The traditionalist marriage of sustainability is not for Janie, it does not allow her to live up to her dream of an equal love. Although in the beginning of their marriage Logan tries to win over Janie’s love through sweet-nothings, it quickly turns to frustration and anger. Logan’s idea of marriage is based on control and dominance that he as a husband has over his wife. Janie to him is seen as property and feels under-appreciated that he made Janie the wife of the man with sixty acres. His frustration with Janie is seen when he tells her, “Mah fust wife never bothered me ‘bout choppin’ no wood nohow. She’d grab dat ax and sling chips like uh man. You done been spoilt rotten.” (Hurston 26). Traditionally, “women are meant to be inside”, thus when Janie disagrees with Logan about her working with him, she seen as being rotten for not following the orders of her husband, “like a woman should do”. This only creates more separation for both Logan and Janie due to lack of communication, appreciation and understanding. Eventually this would lead to Janie running away with Joe Starks. Hurston includes Janie’s marriage to Logan to project how in a relationship, equality must be present at all times and communication is vital to not only understand each other’s wishes, but to solve problems effectively.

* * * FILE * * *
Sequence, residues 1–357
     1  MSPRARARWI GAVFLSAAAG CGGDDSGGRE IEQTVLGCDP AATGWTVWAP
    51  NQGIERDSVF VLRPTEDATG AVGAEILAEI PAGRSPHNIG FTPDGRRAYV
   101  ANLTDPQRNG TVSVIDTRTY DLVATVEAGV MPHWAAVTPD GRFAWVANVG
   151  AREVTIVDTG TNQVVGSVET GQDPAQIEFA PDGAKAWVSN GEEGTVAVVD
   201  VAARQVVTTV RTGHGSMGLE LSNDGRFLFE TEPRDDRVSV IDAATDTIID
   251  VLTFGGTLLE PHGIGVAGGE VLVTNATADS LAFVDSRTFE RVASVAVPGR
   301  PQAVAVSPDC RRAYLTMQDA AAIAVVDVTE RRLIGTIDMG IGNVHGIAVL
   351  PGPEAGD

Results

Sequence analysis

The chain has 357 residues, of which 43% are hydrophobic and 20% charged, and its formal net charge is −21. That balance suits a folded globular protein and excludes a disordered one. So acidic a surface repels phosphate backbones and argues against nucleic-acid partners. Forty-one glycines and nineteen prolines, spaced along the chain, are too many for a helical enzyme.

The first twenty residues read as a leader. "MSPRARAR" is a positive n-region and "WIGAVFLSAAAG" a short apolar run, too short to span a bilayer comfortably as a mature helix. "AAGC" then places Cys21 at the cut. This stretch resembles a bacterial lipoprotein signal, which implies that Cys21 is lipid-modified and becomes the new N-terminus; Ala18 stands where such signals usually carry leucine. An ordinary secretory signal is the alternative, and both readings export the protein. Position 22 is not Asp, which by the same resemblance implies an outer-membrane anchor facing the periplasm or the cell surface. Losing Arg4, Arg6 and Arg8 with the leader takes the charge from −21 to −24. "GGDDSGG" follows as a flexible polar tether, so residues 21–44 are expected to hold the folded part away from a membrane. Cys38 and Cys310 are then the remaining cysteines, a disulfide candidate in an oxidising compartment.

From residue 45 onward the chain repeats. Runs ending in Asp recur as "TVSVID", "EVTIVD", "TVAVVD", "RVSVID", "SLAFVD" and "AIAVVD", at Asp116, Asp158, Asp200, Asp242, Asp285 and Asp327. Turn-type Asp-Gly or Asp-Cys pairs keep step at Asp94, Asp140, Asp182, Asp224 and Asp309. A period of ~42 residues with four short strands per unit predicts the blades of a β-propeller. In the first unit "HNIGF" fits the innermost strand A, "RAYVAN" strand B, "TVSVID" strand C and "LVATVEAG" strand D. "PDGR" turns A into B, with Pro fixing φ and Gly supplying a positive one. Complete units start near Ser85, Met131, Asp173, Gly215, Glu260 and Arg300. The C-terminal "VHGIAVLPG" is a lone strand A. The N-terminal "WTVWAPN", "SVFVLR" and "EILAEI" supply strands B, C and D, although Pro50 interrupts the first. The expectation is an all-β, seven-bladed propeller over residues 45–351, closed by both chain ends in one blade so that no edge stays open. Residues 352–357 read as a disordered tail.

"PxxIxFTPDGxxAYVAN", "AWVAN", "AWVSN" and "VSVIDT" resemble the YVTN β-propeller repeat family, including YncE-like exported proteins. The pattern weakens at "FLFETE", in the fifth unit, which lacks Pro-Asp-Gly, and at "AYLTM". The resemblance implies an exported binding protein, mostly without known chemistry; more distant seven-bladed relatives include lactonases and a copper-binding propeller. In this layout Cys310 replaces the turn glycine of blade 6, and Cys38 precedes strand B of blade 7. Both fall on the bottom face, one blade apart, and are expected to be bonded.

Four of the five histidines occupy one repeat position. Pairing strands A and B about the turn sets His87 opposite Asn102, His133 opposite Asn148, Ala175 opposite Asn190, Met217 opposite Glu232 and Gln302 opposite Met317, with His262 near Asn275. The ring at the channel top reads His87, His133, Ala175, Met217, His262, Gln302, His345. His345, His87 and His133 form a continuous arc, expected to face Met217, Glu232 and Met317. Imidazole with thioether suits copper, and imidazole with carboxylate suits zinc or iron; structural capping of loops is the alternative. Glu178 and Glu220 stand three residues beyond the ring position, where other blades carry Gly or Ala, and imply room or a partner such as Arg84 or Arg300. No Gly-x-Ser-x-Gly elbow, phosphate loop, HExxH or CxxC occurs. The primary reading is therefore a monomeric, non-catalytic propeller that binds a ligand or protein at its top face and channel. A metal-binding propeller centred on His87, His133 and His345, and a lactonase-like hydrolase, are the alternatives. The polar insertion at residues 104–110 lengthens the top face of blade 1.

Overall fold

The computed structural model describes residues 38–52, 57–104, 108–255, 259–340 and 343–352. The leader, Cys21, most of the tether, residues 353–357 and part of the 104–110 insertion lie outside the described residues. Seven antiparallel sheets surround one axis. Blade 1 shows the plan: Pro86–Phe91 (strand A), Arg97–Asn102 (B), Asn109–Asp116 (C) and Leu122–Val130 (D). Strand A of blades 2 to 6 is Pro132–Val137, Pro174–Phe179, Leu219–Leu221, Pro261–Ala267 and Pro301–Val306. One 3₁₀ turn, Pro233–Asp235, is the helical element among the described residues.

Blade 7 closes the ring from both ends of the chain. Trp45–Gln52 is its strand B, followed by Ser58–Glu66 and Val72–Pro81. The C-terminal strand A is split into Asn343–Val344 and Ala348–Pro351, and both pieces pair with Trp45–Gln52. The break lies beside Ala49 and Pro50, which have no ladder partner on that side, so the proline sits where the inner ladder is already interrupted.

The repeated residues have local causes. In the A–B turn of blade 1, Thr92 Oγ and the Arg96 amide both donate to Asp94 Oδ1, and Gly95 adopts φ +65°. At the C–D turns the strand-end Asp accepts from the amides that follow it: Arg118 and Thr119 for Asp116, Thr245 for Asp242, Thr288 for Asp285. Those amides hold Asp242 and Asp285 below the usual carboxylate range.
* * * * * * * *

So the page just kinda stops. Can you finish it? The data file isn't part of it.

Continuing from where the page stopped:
Joe Starks differs from Logan Killicks based on appearance since Joe seems to be more charismatic, well- dressed representing him as an entrepreneur leader, this attracts Janie who seeks for a better life. After Janie runs away with Joe, temporarily everything seems fine between the couple once they were established in Eatonville. This new relationship creates an illusion for Janie, since everything seems to be going perfectly for the mayor and his wife. However as Janie begins to learn more about Joe, she begins to unravel his character. Joe is power-hungry and lacks communication with Janie, which leads to his over-jealous behavior. Janie to Joe is seen as his trophy wife for him to flaunt his power by dressing her in expensive dresses that makes all the other women inferior to her. Her marvelous hair attracts attention, which seems to anger Joe since Janie belongs to him. Joe tries to minimize her beauty by forcing Janie to wear a hair rag when the author states, “He never told her how often he had seen the other men figuratively wallowing in it as she went about things in the store… She was there in the store for him to look at, not those others.(Hurston 31)